Coconut oil can also make certain condoms less ineffective at protecting against pregnancy and STIs, says Dr. Krapf. “Oil can weaken latex condoms and make them more prone to breaking or tearing during sex,” she says. And if a condom breaks or tears? Well, it can’t do its job reducing unwanted pregnancy or STI transmission.

If you are using coconut oil as a lubricant and rubbers are your primary birth control method, it’s important to opt for ones made from polyurethane, like the below.

What is the safest oil to use as lube?

Coconut oil is the safest oil to use as lube, says Dr. Krapf. “Coconut oil is a great and safe lubrication option that has been proven to be an effective alternative to water or silicone,” she says. It’s long-lasting, compatible with silicone sex toys, and provides lots of natural glide and lubrication.

If for some reason you can’t use coconut oil, Dr. Ingber recommended against using other kitchen oils (such as olive oil and ghee) as lubricant as they are very thick, can clog your pores, and slow down the release of discharge from the body—putting you at increased risk for infection. Baby oil, mineral oils, petroleum jelly, vegetable oils, and canola oils should also be avoided as they will interfere with the natural cleaning mechanisms of the vagina, he adds.

What lube do gynecologists recommend?

“Ultimately, the best lubricant depends on the person or people using it,” says Dr. Gaither. She recommends that individuals consider their unique body chemistry, the sex acts (vaginal, anal, external) they are partaking in, and their preference for (or against) holistic products when choosing a lube.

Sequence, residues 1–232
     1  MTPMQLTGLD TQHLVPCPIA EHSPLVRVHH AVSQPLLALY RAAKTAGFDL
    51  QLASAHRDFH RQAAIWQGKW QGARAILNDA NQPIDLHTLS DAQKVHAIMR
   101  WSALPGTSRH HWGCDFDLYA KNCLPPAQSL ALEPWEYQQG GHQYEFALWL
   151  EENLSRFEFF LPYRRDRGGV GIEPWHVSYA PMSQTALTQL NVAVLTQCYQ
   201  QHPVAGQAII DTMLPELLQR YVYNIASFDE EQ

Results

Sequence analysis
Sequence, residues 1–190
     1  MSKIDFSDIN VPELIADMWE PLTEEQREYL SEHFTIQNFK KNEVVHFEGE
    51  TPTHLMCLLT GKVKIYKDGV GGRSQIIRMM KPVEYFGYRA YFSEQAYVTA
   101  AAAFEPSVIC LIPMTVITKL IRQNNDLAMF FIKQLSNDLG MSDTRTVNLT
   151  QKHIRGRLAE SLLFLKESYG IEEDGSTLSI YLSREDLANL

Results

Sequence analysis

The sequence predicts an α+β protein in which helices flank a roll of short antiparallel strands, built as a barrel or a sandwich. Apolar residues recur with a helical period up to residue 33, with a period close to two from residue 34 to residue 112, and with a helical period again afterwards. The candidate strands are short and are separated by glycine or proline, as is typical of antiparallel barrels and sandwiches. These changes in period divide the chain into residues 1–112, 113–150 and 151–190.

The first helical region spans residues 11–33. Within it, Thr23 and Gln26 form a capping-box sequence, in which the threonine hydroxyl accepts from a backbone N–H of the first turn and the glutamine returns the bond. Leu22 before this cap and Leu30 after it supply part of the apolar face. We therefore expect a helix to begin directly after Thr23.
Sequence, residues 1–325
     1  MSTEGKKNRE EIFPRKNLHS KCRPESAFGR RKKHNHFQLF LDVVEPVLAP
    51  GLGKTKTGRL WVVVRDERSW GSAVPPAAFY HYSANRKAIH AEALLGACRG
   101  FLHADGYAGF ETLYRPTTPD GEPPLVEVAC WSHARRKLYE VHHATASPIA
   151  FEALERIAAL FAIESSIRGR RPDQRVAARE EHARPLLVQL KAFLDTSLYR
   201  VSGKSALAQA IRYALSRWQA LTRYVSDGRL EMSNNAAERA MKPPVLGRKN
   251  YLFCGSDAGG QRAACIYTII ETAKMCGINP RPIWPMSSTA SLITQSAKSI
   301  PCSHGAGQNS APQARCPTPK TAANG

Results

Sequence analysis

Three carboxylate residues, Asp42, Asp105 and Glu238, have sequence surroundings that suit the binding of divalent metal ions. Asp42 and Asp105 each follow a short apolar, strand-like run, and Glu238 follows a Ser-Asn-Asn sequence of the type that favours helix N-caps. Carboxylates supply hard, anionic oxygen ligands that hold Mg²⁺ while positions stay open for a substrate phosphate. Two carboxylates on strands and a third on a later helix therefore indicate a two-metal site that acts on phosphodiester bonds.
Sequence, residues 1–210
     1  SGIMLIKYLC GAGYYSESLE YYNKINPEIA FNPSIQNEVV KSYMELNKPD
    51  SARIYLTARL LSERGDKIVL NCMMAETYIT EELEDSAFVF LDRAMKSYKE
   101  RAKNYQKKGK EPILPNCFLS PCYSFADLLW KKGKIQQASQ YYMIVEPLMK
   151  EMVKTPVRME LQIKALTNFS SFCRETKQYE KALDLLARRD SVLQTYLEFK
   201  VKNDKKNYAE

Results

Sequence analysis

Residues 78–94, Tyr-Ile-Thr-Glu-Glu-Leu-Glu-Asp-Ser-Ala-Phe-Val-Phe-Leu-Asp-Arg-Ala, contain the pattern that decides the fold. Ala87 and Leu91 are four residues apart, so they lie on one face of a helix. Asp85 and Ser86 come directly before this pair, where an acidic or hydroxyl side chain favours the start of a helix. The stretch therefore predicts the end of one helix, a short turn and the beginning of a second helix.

Across the board, the best lubricants are those with as few additives and other ingredients as possible, says Dr. Krapf. “There should be no synthetics, chemicals, additives, preservatives, or dyes,” she says. Again, you also want to avoid lubricants with glycerin, alcohols, and fragrances. Don’t get too caught up by labels like “natural,” which are fairly meaningless, she says. Just look at the ingredients list for all the information you need to know.

In the event that you do not want to use coconut oil lubrication, or cannot because you use latex barriers, we at Well+Good stand by these water-based lubes as versatile picks for many bodies and needs.

The bottom line

Coconut oil isn’t just a safe sexual lubricant choice for most pleasure-seekers— but a good lube option, given how slippery, long-lasting, and cost-effective it is.

Folks should opt for a water- or silicone-based lubricant over coconut oil if they are prone to vaginal infections, have sensitive skin, or are relying on latex barriers to protect against unwanted STI transmission or pregnancy.

At the end of the day, whether you use coconut oil or a coconut oil based lube as your go-to lube, is your own prerogative! But given that store-bought lubricant helps reduce risk of sex-related injury and improve overall pleasure, it’s important you find some kind of slippery stuff to squirt into your scene or not. In this case, it is true that wetter really is better.

Well+Good articles reference scientific, reliable, recent, robust studies to back up the information we share. You can trust us along your wellness journey.
  1. Hung, Kristin J et al. “Effect of commercial vaginal products on the growth of uropathogenic and commensal vaginal bacteria.” Scientific reports vol. 10,1 7625. 6 May. 2020, doi:10.1038/s41598-020-63652-x